Does cigarette smoking mitigate the severity of skin disease in systemic sclerosis?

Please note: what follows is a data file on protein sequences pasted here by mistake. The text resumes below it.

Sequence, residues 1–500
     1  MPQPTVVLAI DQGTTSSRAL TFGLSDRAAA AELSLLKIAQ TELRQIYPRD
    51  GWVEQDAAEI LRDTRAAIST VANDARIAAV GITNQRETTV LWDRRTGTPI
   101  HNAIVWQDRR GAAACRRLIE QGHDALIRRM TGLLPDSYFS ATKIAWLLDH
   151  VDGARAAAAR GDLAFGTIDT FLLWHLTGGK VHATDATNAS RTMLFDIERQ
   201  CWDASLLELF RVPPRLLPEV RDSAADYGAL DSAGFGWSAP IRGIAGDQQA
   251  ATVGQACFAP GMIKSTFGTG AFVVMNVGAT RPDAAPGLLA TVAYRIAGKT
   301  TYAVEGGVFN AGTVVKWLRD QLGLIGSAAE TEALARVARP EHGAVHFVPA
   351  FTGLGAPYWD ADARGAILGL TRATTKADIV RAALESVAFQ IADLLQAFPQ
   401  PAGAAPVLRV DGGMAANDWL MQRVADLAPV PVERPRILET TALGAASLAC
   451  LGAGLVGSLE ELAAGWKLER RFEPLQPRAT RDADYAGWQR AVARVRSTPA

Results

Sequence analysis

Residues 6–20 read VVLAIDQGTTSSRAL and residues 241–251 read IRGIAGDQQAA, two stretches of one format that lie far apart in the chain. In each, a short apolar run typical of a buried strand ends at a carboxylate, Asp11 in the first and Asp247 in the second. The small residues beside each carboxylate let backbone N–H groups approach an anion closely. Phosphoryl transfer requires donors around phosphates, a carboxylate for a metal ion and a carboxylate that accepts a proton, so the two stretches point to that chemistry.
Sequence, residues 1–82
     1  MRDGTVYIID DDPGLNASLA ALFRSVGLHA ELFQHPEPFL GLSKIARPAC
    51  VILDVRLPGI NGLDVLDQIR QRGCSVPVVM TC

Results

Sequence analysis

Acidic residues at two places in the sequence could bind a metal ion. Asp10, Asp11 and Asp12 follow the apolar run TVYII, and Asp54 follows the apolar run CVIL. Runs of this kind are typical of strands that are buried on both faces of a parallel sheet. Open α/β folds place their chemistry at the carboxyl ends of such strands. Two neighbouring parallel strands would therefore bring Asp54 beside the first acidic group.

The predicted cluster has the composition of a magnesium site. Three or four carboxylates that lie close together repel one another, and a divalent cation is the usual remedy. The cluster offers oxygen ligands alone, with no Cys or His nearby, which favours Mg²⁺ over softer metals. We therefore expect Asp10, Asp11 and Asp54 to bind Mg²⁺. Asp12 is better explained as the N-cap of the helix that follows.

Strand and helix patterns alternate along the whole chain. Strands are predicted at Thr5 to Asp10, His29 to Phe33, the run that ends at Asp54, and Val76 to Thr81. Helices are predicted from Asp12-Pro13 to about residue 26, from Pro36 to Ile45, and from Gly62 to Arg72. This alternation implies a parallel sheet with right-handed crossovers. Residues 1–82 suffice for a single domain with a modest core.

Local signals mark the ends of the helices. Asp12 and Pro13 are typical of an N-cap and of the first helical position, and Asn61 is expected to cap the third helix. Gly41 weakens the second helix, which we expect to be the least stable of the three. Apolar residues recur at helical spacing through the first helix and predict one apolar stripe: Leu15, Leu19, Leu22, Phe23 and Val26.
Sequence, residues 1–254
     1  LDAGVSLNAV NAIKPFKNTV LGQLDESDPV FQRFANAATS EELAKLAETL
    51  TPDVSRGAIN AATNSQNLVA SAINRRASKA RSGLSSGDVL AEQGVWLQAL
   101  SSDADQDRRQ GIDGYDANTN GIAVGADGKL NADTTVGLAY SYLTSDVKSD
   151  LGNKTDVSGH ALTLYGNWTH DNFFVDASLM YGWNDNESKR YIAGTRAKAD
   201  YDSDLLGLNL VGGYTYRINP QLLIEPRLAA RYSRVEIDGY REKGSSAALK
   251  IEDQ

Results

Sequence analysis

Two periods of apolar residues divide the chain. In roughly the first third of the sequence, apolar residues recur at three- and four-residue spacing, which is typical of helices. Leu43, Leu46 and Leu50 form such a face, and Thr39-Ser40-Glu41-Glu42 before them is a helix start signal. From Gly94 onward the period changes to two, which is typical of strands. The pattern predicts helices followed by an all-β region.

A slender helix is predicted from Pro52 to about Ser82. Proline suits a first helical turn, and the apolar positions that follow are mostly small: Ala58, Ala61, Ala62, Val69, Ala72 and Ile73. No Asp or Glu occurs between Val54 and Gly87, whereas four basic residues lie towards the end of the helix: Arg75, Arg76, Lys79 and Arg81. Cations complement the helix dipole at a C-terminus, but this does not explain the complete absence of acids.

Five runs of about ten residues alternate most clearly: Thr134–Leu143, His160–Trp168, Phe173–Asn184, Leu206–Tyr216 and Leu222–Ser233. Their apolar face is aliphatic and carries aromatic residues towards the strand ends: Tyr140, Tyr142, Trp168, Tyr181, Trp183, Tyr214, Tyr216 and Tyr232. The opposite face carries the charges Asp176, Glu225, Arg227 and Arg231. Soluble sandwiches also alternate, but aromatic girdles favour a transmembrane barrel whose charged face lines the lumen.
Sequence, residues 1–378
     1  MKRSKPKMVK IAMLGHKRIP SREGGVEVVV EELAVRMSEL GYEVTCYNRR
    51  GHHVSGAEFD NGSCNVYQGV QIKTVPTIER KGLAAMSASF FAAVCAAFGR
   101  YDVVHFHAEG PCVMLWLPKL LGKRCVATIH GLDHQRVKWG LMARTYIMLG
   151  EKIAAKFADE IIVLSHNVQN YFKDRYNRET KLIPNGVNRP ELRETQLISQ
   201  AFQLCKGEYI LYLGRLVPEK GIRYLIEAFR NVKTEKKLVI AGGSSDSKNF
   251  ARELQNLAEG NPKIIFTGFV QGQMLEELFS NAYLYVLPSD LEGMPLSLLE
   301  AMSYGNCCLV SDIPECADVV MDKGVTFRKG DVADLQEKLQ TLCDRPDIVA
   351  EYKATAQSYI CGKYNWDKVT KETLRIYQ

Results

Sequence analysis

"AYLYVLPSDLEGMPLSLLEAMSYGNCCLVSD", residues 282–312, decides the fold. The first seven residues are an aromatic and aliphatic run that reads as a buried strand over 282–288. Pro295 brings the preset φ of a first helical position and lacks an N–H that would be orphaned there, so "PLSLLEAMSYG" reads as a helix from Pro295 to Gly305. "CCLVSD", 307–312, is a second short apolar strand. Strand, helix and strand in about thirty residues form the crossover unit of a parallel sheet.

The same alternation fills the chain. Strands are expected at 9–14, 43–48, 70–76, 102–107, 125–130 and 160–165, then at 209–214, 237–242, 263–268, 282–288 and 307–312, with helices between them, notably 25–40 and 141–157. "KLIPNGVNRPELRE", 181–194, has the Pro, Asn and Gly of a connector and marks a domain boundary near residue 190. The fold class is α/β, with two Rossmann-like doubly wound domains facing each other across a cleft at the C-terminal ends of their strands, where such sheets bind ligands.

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Cigarette smoking has significant negative effects on vascular, pulmonary and gastrointestinal outcomes in systemic sclerosis (SSc). The objective of this study was to study the effect of cigarette smoking on the extent of skin disease in SSc. Subjects were patients enrolled in the Canadian Scleroderma Research Group cohort. Smoking history was obtained by patient self-reports. The extent of skin involvement was measured using the modified Rodnan skin score. The effect of smoking on the skin score was assessed using the comprehensive smoking index (CSI), which integrates smoking intensity, duration and time since cessation into a single covariate of smoking effect. The regression model was adjusted for gender, ethnicity and disease duration. This study included 606 SSc patients, of which 87 % were women and 90 % were white; mean disease duration was 11 (±9) years, and mean modified Rodnan skin score was 10 (±9). Of these, 16 % were current, 42 % past and 42 % never smokers. There was a 16 % reduction in skin score (odds ratio 0.84, 95 % confidence interval 0.75, 0.95, p = 0.0029) for every 0.1 unit change in CSI. The effect of smoking on skin disease appeared cumulative and irreversible. Smoking was significantly associated with less extensive skin disease in SSc. This hypothesis-generating study provides new avenues of research, especially insofar as the role of nicotine in SSc is concerned and given that safe nicotine replacement therapy exists.
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